Text to Speech in JS, and a curious bug. Also, Safari desktop compatibility.
However, this stopped working and the bug rose its head of rare, but questionable beauty once again. It doesn’t happen on all browsers, but, for me, it happens at least in current versions of Firefox. Even more, it seems to be a real Heisenbug, since the script exits on an “out of memory” exception on varying points depending on the specific version of the code. In the minimized production version, the code makes it to several debug messages before the final exit, in the unminimized test version, however, it exits on a different point, which renders intercepting that specific error a somewhat impractical endeavor. Also, the exception dosen’t depend on the length of the utterances spoken (thus suggesting that the “out of memory” exception isn’t caused by memory allocation of the actual code, but the result of cascading failures internal to the JS engine), it just happens on each 80th call of the method “speak()”, which triggers a run of the internal eSpeak engine. Which, on the other hand, provides a suitable point of access to an otherwise somewhat cryptic and inaccessible failure mode, namely, simply keeping track of the number of calls and automatically restarting the engine on every 80th call. (Mind that this may cause a small delay, but it’s still better than the script stalling on an uncatchable exception.)
Shout-out to Trent Murgatroyd for reporting the fault and testing!
This had actually been addressed in version 2.0.6, as of a few days ago (2020-04-17), already. But there was another issue, which had passed my radar, namely, the Safari desktop browser muting Web Audio on default. This is now addressed similar to how mobile devices are handled, by attempting to unlock audio on the first mousedown event occuring in the window. (Unlocking requires a direct user interaction. Hence, meSpeak.js must listen for a global user event. However, it neither blocks or consumes the event in any way, nor does it extract any data.) Additionally to this, meSpeak.js now also attempts to resume the audio-context on every call of the method “speak()” prior to playing any audio, in case it’s found in suspended state. (Again, this will be of any effect only, if the call was issued from code triggered by a user event. On the other hand, it doesn’t hurt trying.)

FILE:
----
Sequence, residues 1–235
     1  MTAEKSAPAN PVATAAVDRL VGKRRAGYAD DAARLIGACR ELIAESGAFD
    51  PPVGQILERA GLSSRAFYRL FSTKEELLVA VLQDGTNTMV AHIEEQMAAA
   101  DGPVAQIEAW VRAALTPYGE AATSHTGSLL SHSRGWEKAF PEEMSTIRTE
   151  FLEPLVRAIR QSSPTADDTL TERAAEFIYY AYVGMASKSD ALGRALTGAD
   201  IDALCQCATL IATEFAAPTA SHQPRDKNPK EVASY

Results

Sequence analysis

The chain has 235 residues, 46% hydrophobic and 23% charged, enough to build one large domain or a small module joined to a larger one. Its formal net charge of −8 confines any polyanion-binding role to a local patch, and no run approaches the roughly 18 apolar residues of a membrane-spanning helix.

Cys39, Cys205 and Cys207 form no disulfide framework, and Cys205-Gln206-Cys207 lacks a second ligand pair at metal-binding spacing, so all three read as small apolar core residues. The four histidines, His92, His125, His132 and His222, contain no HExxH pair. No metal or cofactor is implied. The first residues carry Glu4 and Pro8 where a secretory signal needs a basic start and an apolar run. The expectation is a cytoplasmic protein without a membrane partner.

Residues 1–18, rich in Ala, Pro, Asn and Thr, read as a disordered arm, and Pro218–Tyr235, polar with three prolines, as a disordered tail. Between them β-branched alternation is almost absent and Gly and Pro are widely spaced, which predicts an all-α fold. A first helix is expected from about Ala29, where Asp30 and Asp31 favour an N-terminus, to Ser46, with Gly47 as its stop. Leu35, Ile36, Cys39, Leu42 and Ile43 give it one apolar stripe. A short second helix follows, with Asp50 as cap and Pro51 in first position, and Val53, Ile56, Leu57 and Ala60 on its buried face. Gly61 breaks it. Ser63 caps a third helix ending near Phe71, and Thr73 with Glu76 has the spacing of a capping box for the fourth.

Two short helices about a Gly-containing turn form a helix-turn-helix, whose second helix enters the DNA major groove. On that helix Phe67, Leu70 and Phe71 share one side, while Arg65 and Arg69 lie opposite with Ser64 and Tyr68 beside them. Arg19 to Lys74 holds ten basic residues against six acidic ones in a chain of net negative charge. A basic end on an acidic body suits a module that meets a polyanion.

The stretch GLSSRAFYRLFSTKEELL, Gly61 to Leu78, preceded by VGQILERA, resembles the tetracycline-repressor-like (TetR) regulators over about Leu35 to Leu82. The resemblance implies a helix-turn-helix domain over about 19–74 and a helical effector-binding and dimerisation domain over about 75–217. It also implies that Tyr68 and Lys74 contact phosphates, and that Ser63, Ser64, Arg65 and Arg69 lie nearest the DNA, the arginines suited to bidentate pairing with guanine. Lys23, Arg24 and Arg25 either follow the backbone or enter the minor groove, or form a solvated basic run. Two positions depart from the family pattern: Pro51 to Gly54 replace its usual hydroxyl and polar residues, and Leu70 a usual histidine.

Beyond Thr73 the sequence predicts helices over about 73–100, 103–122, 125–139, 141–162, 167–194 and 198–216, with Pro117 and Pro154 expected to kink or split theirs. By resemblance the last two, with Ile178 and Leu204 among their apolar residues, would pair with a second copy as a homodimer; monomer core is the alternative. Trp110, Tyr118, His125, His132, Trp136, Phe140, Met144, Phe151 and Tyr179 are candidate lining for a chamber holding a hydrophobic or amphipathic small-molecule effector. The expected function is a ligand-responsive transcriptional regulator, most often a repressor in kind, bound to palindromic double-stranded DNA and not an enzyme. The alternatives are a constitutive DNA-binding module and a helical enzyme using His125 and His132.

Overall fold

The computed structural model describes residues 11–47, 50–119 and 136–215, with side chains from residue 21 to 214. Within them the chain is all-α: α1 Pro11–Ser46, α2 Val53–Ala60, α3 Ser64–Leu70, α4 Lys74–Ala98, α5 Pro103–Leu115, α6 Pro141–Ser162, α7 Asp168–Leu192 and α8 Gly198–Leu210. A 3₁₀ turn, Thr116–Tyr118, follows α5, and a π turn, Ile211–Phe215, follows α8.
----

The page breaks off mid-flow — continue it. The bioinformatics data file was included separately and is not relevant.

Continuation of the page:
Proudly announcing version 1.1 of the PET 2001 online emulator.
Version 1.1 of the PET 2001 online emulator features a totally revamped mounting and loading mechanism for files. For users this means full access to disk directories and LOADing programs from inside BASIC. For all the nerdy details and some hilarious insights into Commodore IEEE file loading (like, “Where on Earth — uhm, in memory — is the BASIC scondary device address?”) follow the link:
Proudly announcing version 1.0 of the PET 2001 online emulator.
Recently, I’ve been posting on Commodore BASIC and more specifically about the PET 2001 quite a bit. While not the sole reason, this was partly because I was adding a few features to the PET 2001 online emulator behind the scenes. I even endeavored into a major reorganization of some of the source code in order to facilitate this and future work. And, last but not least, there’s now even a suitable help file / documentation. — Reason enough to promote the emulator from its previous beta state to version 1.0!
mass:werk proudly presents: Running BASIC on a virtual PET 2001 from URL-data.
So you want to show your friends a little BASIC program or want to solve some problem with (retro) style? Despair no more, since help is near…
More specifically, just a click away, at www.masswerk.at/pet, where you find my enhanced version of Thomas Skibo’s in-browser PET 2001 emulation. What’s new is an additional mode, where the emulator loads (and runs) a program from data encoded in URL-parameters — as provided either in the query-string or in the URL-fragment (hash). And you may use this for immediate execution in direct mode, as well!
The Terminals Working Group proposed a new Unicode range earlier this month (Jan. 4, 2019) for the purpose of retrocomputing and emulation. As of version 1.1, the newly proposed glyphs are already included in the Char8.js library for generating 8-bit characters from Unicode.
Here’s a sample, rendering the new glyphs in double height using a 16 × 8 character matrix:
The proposed range incorporates glyphs from various legacy systems, including
It may be just the right season to remind of one of the first computer animations, “Snowflake” written in the 1960s for the DEC PDP-1. Despite various research efforts, the author of this amazing little program remains still unknown, which is quite a bity, since s/he deserves to be rembered along with the program.